or corroboration. To say to someone, "If you like to believe what
you want to believe, that's fine; I'll believe what I want to
believe," only sounds humble on the surface.
     Private views must be evaluated in light of outside evidence
and opinion because we bring excess baggage to the Bible. No one
on the face of this Earth has a perfectly pure understanding of
Scripture. We all hold some views and entertain some ideas that
are not of God. Perhaps if we knew precisely which of our views
were contrary to God, we would abandon them. But to sort them out
is very difficult. Thus, our views need the sounding boards and
honing steel of other people's research and expertise. 


     In the Reformed churches of the sixteenth century, a
distinction was made between two kinds of elders: teaching elders
and ruling elders. Ruling elders were called to govern and
administer the affairs of the congregation. Teaching elders, or
pastors, were responsible primarily for teaching and equipping
the saints for ministry.
     I am convinced that now, as much as ever, the church needs
an educated clergy. Private study and interpretation must be
balanced by the collective wisdom of the teachers. Please do not
misunderstand. I am not calling the church to return to the
pre-Reformation situation in which the Bible was held captive by
the clergy. I am rejoicing that people are starting to study the
Bible on their own and that the blood of the Protestant martyrs
was not shed in vain. What I am saying is that it is wise for
laymen involved in Bible study to do it in connection with or
under the authority of their pastors or professors. It is Christ
himself who has ordered His church so as to endow some with the
gift of teaching. That gift and that office must be respected if
Christ is to be honored by His people.

     It is important that teachers have proper education. To be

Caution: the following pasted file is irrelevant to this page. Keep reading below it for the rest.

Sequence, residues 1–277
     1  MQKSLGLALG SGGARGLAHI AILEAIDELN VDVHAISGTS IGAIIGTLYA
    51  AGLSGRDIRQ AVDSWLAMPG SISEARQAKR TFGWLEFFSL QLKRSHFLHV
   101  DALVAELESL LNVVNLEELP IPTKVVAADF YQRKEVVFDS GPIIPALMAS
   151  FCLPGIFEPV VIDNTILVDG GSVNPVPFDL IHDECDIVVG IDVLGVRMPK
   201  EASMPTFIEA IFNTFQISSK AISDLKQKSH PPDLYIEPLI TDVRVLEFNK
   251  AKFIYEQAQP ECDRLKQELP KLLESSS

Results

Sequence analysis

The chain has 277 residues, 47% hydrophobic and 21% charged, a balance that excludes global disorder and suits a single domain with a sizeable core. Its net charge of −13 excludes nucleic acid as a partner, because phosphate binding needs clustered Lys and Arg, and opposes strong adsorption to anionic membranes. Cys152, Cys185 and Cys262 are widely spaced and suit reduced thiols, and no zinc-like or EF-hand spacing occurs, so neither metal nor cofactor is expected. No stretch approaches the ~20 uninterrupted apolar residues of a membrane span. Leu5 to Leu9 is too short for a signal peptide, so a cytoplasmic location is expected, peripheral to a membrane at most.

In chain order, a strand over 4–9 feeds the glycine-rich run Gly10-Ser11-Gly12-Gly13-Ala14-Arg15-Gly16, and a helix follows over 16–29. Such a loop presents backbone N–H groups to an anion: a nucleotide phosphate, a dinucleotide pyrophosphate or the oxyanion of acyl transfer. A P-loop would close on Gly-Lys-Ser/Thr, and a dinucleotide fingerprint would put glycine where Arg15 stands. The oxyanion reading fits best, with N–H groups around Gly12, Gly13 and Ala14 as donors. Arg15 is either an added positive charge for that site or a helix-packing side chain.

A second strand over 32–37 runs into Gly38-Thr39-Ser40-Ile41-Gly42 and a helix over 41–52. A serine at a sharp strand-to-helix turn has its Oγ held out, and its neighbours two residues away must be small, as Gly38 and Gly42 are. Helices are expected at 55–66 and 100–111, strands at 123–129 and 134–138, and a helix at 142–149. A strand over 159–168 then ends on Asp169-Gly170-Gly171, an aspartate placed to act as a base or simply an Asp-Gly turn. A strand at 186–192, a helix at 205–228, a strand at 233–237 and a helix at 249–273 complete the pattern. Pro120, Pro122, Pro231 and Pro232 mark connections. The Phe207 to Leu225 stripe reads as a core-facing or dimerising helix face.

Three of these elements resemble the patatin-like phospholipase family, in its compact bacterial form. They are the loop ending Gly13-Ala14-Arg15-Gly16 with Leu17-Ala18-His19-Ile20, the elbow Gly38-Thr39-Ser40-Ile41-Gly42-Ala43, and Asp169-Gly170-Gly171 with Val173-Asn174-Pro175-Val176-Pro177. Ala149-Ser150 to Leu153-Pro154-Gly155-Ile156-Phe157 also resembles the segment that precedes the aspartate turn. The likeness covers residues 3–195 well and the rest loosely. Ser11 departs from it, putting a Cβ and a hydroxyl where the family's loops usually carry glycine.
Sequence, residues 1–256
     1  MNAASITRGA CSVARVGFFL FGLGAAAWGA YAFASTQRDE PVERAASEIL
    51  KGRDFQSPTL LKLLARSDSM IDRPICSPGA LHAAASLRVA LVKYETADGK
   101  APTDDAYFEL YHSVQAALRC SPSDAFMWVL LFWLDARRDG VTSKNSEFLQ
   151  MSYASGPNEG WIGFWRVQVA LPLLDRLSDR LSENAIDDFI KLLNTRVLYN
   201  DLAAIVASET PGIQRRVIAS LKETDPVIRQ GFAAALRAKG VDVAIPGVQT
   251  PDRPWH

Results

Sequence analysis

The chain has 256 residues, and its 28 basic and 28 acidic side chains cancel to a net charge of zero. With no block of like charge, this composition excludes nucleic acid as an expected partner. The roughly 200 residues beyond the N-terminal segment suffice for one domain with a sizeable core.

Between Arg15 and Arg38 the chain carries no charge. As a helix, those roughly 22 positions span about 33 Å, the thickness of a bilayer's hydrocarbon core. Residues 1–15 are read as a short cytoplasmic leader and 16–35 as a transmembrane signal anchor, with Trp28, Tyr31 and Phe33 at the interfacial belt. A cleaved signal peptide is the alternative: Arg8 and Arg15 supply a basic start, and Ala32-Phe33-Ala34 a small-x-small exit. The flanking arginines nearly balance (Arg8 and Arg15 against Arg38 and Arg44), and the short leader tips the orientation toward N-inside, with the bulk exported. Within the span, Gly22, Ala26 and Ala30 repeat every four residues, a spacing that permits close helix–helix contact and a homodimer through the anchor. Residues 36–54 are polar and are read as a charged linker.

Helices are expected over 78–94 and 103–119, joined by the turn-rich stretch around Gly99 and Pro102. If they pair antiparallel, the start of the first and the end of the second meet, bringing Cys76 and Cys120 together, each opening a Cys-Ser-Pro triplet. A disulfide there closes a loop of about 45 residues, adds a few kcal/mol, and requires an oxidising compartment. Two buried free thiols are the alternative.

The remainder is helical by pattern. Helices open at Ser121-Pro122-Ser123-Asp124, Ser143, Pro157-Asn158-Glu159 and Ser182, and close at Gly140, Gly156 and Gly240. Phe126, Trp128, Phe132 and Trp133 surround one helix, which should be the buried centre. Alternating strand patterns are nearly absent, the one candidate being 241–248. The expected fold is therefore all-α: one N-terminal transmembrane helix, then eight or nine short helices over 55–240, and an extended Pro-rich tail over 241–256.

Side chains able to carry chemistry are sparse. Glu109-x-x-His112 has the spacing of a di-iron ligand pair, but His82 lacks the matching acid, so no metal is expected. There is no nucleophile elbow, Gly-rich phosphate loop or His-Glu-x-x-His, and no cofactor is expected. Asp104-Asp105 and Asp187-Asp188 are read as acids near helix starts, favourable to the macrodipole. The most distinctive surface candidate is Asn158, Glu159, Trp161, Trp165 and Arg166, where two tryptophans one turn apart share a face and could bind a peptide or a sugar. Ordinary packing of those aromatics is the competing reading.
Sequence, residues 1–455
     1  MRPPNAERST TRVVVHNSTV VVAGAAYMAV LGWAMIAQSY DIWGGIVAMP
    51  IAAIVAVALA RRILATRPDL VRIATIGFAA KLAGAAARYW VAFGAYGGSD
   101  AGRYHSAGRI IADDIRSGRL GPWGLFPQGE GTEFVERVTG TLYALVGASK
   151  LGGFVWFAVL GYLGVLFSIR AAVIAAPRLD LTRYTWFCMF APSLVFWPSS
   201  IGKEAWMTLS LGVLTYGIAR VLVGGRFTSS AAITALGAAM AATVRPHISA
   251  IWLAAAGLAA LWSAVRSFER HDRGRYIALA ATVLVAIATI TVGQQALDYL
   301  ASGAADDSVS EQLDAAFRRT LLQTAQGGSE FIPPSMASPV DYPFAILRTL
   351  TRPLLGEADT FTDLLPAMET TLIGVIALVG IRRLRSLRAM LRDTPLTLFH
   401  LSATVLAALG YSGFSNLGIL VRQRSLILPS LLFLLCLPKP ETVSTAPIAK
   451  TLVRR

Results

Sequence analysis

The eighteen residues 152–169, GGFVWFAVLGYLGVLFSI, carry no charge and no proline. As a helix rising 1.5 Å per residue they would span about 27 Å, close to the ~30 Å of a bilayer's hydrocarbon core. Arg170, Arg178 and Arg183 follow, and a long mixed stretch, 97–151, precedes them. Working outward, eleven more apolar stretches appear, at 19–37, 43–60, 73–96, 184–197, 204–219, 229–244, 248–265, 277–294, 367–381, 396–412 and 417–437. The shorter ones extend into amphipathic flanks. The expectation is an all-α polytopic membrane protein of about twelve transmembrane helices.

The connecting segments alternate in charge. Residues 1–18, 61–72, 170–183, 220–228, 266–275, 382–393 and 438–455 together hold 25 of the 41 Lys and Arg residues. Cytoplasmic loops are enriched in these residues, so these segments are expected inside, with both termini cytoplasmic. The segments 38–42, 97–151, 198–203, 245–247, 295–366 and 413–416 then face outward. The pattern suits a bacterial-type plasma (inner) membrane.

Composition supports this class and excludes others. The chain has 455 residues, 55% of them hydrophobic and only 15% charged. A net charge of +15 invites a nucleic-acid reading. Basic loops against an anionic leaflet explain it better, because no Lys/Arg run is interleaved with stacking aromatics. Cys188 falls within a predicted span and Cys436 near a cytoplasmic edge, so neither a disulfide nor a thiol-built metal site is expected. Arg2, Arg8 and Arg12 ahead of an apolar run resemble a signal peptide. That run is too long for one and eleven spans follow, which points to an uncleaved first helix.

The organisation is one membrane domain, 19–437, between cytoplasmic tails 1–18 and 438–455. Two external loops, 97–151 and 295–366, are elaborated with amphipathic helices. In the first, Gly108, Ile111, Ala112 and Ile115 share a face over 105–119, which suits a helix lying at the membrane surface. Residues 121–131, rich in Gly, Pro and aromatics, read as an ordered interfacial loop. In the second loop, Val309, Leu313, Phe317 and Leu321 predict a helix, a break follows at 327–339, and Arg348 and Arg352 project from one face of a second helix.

sure, occasionally there arise some teachers who, though
unschooled and untrained, nevertheless have an uncanny intuitive
insight into Scripture. But such people are extremely rare. More
often we face the problem of people calling themselves to the
role of teacher who are simply not qualified to teach. A good
teacher must have sound knowledge and the necessary skills to
unravel difficult portions of Scripture. Here the need for
mastery of language, history, and theology are of critical
     If we examine the history of the Jewish people in the Old
Testament, we see that one of the most severe and abiding threats
to Israel was the threat of the false prophet or false teacher.
More often than by the hand of the Philistines or the Assyrians,
Israel fell to the seductive power of the lying teacher.
The New Testament bears witness to the same problem in the
primitive Christian church. The false prophet was like the
hireling shepherd who was concerned more for his own wages than
for the welfare of the sheep. He thought nothing of misleading
the people: leading them into error or to evil. Not all false
prophets speak falsely out of malice; many do so out of
ignorance. From the malicious and the ignorant we should flee. We
need teachers who have sound knowledge and whose hearts are not
set against the Word of God.

     Private Bible study is an important means of grace for the
Christian. It is a privilege and a duty for all of us. In His
grace and kindness toward us, God has provided not only gifted
teachers in His church to assist us but His own Holy Spirit to
illumine His Word and search out its application to our lives. To
sound teaching and diligent study God gives blessing.


Condensed from chapter two of Knowing Scripture by R.C Sprout.
Copyright 1977 by Inter-Varsity Christian Fellowship of the
U.S.A., and used by permission of InterVarsity Press, Downers
Grove, IL 60515

                         THE IMPORTANCE OF CONTEXT


                               Jerry Griffin

          What is the most common mistake people make when
interpreting the Bible? I am convinced it is taking verses out of
context. We have all seen it done, and if we are honest with
ourselves, we all have done it. It is an easy trap to fall into,
requiring little or no effort.
     All we need do is read a verse in isolation from neighboring